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Math Help - Prove or Disprove

  1. #16
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    Prove or disprove: There does not exist a real number x such that for all real numbers y, xy=1.

    Contradiction: Suppose yes. That is, suppose that there is a real number x such that for all real numbers y, x*y=1.
    Let x be the real number 0 and let y=z for any real number z.

    Then,

    x*y= 0*z .........by substitution
    = 0 ......... by algebra

    There is a contradiction, because when x is the real number 0, x multiplied by y equals 0. Therefore, the original statement is in fact true. There does not exist a real number x such that for all real numbers y, xy=1. **end of proof**



    The only concern w/ my proof: Isn't the statement a universal statement? I thought that you are not allowed to use numbers to PROVE a universal statement using actual numbers, but this is the only proof I was able to come up with. Also, isn't this prove more of a counterexample as opposed to a contradiction?
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  2. #17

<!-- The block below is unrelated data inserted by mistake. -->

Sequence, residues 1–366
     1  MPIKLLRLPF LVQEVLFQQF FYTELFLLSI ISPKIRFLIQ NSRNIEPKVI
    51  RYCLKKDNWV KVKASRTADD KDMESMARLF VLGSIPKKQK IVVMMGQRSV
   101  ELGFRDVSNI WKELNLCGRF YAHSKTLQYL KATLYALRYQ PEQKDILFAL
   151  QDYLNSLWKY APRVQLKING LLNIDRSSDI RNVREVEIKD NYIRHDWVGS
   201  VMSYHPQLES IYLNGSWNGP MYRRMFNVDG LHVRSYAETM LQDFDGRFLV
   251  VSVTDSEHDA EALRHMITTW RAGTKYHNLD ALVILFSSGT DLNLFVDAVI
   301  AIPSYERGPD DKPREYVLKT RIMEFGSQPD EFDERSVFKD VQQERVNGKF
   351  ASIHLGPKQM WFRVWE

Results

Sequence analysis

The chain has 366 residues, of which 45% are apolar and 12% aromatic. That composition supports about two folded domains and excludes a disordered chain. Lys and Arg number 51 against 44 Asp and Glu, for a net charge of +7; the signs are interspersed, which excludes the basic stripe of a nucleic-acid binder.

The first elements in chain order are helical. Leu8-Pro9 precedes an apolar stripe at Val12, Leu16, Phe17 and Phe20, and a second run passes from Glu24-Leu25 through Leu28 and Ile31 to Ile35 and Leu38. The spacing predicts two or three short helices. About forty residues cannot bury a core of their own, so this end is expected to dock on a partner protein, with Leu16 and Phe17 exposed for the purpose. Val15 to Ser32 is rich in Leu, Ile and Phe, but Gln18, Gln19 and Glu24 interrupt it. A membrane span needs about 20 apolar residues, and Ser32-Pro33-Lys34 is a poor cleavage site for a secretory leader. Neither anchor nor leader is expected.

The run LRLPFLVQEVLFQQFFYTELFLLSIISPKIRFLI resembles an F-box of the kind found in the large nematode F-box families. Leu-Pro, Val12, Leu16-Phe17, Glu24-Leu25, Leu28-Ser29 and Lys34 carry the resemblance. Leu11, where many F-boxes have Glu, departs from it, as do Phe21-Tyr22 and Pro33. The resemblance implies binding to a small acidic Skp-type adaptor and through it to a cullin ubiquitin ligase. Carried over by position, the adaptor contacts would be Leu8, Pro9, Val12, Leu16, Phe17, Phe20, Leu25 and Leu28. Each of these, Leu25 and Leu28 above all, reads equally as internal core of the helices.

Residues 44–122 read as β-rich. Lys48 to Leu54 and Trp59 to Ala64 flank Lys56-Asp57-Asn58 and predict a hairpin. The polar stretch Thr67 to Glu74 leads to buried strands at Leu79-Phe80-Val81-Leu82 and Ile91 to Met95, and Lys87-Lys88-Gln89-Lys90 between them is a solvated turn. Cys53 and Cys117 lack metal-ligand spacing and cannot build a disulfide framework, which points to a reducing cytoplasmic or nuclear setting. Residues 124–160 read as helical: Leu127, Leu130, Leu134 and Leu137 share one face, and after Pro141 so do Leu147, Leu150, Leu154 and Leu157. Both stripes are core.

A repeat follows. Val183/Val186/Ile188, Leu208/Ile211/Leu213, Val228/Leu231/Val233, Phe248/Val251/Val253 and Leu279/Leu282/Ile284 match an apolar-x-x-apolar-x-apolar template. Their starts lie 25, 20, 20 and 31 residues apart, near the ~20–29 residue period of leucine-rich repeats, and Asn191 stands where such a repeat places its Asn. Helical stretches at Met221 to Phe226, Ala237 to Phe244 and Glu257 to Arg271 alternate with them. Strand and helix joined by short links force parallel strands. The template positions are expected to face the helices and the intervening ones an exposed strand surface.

Super Member Bacterius's Avatar
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    Also, isn't this prove more of a counterexample as opposed to a contradiction?
    In your case, one counter-example is enough to invalidate the original statement (or more exactly, validate it by invalidating its opposite). Check out my post on the previous page.
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  3. #18
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    Isn't my above proof technically a counter example since I am using a number instead of a variable?

    Is it CORRECT to disprove a universal statement that says 'there does not exist such a number x, such that...." when there really DOES exist such a number x with the use of contradiction, where in the contradiction the number ZERO is used to help prove the point instead of a variable? (because I was told the only time you are allowed to use numbers in your example is when u disprove a universal statement using counterexample)
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  4. #19
    Super Member Bacterius's Avatar
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    You haven't proven the statement. You have just proven it for x = 0. You need to find a counter-example working with y. Again, go to the last post of the previous page.
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  5. #20